Tuesday 21st June was my follow up appointment with UCHL: a telephone one this time. The Consultant managed to answer our questions to our satisfaction. However by this time Kym was feeling weakened as she was suffering with her own Covid. One reassuring point was that, as it’s a pharma-fully-funded Clinical Trial – I could have a taxi from home to hospital and return. The outcome was that he’s referred me to the screening stage. Subsequently an appointment (video) has been made for late September. I think I’ll put it out of my head for a couple of months.

The next few days passed fairly quietly. I steeled up the mojo and energy to either go out on my bike for 30 minutes or do 3 – 4 K on the exercise bike. I certainly felt the benefit of the fresh air and exercise. I also re-started my normal daily stretching exercises and light weights. It was a continuing case of mind over matter.

I’m now on at least Day 11. I feel better in myself. The issues that still remain – tight chest and inflamed sinuses, fatigue and lack of mojo and headaches (milder now) will ease over the next few days and I can begin to rebuild. I have a self-loathing fear of feeling useless. So I want to get back to the “new normal”.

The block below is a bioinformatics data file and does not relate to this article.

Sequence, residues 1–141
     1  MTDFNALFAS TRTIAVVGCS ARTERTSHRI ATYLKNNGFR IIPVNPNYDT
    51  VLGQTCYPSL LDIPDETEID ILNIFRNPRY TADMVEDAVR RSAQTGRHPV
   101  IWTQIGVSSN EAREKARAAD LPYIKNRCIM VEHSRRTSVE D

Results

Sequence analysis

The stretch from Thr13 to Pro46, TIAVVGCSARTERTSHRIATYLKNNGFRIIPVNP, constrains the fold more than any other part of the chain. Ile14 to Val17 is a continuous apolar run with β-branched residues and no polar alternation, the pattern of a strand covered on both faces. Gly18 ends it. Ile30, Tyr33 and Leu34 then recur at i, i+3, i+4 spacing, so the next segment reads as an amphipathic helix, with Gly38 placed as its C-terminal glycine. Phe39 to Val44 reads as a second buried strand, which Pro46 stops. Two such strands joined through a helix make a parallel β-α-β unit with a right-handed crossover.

On reflection, I think I had some premonition nagging me before all this happened. For the few days prior to the start of this tale – I was feeling frustrated and anxious that I’d not completed a few creative ideas that were washing around my brain. I felt a sort of broody presence putting the cork in the bottle of song and story ideas. I guess I feared that the Geni would never emerge. What nonsense get fermented in my aging little grey cells.

Well I’m telling the tale – so I must still be drawing breath. If you’d like to share your Covid tales please feel free to add them as comments. I’m very grateful to friends and family who’ve kept in touch – some lovely photos and videos and chats. Not that I’m up for much conversation at the moment. But rambling Roger will be back; God willing! Thanks for Kym’s care. I hoped that I could reciprocate to some extent when she was at her lowest.

3 thoughts on “Two years in: this virus still bites!

  1. Take care Rog. We are all thinking about you x Also your ongoing treatment for your leukaemia, my love to you both x Rich

  2. I had covid. Not a great experience but i count myself as one of the lucky ones. No lasting effects. A musician friend of mine has long covid and can no longer get through one song another can still play the guitar like ringing the bell (chuck berry) but has to have the words in front of him even though he gas been singing those songs for 30 odd years. No rhyme or reason.. its in the genes